HAHA I know what I'm doing this is just something that will pay the bills until I finish my Masters. I'm not some young buck I've been in dispatching field for almost five years and over 30 years old. Teaching was working out great but the college cancelled the dispatch program so now I'm just looking for something in-between. :fury:
 

womanpilot73

Well-Known Member
#24
nyk said:
HAHA I know what I'm doing this is just something that will pay the bills until I finish my Masters. I'm not some young buck I've been in dispatching field for almost five years and over 30 years old. Teaching was working out great but the college cancelled the dispatch program so now I'm just looking for something in-between. :fury:
Hey, Jeppesen is often looking for contract instructors. Have you thought about them? Though you'd have to move for that as there are no flight benefits.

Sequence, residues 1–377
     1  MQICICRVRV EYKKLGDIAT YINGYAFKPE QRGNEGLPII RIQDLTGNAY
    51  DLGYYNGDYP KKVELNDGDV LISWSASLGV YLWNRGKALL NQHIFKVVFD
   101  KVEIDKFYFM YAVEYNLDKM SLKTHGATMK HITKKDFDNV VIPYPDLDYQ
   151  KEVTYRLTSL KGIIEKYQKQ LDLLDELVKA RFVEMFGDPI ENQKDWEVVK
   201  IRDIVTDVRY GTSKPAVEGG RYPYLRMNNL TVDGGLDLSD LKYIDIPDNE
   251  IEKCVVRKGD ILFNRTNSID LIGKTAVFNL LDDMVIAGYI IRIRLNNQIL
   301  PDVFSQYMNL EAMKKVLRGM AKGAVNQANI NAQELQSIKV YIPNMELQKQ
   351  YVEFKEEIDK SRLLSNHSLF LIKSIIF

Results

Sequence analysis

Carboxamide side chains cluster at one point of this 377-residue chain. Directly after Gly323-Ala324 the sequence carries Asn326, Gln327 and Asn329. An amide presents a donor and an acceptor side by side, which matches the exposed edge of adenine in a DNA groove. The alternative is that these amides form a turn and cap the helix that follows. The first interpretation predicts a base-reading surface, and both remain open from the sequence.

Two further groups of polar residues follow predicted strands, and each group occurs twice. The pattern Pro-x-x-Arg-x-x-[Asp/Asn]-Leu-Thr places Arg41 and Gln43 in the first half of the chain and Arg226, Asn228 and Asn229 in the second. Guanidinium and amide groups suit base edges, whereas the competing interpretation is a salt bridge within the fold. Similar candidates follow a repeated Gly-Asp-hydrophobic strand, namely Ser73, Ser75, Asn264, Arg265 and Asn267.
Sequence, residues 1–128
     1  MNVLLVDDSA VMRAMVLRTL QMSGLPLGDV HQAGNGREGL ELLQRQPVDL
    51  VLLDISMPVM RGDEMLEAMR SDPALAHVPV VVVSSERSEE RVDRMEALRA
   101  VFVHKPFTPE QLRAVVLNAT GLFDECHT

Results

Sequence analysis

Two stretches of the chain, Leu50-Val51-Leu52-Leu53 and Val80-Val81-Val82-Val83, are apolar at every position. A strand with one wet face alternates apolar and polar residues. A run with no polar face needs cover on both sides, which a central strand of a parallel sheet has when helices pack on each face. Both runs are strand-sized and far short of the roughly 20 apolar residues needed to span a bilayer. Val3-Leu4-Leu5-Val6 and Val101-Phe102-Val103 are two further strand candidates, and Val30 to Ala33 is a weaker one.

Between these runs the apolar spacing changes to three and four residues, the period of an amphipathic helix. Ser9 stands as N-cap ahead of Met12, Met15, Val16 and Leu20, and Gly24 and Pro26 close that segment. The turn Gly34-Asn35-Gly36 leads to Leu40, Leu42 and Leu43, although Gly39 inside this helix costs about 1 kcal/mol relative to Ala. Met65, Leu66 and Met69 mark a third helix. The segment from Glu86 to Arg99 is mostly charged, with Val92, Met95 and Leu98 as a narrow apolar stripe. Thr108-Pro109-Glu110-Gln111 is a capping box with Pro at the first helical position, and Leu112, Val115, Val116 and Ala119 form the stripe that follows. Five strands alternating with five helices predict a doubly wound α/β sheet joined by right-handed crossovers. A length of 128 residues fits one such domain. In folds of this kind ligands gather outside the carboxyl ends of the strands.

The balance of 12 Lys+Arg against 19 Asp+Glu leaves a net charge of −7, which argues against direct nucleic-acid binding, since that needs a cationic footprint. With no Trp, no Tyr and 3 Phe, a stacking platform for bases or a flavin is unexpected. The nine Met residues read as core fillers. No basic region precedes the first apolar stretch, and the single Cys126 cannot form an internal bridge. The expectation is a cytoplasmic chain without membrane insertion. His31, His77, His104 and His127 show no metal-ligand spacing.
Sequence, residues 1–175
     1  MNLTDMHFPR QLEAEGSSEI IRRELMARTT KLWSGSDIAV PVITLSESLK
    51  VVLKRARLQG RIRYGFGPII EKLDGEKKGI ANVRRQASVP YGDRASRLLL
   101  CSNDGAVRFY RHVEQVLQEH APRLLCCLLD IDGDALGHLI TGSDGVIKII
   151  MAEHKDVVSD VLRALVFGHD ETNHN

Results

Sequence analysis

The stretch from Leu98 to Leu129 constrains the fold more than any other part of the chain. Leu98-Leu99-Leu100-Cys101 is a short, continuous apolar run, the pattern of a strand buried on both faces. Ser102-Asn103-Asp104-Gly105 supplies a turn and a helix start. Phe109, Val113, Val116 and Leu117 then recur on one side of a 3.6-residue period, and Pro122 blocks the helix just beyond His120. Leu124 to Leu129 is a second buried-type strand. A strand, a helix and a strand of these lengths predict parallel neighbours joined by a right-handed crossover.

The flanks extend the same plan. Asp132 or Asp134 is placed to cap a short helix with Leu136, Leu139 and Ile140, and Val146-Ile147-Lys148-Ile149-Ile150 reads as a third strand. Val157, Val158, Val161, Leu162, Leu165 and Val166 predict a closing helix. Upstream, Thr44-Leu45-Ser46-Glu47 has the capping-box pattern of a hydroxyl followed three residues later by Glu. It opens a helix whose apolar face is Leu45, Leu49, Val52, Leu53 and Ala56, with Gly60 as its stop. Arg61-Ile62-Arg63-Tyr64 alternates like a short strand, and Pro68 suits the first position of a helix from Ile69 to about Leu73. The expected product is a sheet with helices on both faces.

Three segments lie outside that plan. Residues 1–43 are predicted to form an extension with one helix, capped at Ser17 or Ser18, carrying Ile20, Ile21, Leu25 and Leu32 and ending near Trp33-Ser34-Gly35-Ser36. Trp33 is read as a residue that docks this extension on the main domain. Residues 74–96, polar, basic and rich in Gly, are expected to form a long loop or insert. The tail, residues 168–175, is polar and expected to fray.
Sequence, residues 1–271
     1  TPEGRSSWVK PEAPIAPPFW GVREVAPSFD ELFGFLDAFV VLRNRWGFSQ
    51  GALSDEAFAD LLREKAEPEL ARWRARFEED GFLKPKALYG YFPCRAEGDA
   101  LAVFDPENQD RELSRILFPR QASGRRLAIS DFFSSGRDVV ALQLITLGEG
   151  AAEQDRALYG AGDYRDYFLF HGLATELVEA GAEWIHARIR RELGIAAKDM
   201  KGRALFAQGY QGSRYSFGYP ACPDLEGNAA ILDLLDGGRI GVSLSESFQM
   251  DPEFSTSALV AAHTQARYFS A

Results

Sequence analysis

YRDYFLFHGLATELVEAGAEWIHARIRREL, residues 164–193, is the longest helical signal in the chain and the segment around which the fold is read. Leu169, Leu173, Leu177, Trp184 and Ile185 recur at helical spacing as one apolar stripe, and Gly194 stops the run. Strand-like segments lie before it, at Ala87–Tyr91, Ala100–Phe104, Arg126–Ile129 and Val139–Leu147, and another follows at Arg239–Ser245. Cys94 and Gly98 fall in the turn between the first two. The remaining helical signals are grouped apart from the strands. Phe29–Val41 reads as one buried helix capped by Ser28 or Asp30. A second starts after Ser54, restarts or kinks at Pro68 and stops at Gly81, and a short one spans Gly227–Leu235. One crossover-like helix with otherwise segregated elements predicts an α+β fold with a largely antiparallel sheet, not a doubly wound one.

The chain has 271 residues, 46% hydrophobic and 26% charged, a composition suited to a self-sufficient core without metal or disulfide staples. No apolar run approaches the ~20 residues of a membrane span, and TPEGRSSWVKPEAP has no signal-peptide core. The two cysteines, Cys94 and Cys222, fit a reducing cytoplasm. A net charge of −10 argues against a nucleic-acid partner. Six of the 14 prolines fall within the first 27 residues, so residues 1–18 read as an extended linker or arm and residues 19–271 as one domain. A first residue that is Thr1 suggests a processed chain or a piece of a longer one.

Flagship_dxer

Legacy Airline Dispatcher
#25
HAHA I know what I'm doing this is just something that will pay the bills until I finish my Masters. I'm not some young buck I've been in dispatching field for almost five years and over 30 years old. Teaching was working out great but the college cancelled the dispatch program so now I'm just looking for something in-between. :fury:
Have you thought about SkyLease. They are hiring in GSO. http://www.skyleasecargo.com/assets/downloads/dispatch-job-posting.pdf

Pay is not great but its good international dispatching experience.
 

bushpilot87

Well-Known Member
#26
this whole daily commute is contingent on the fact that you get a shift that is commutable on both ends.. that is highly unlikely. Therefore, its not a viable option.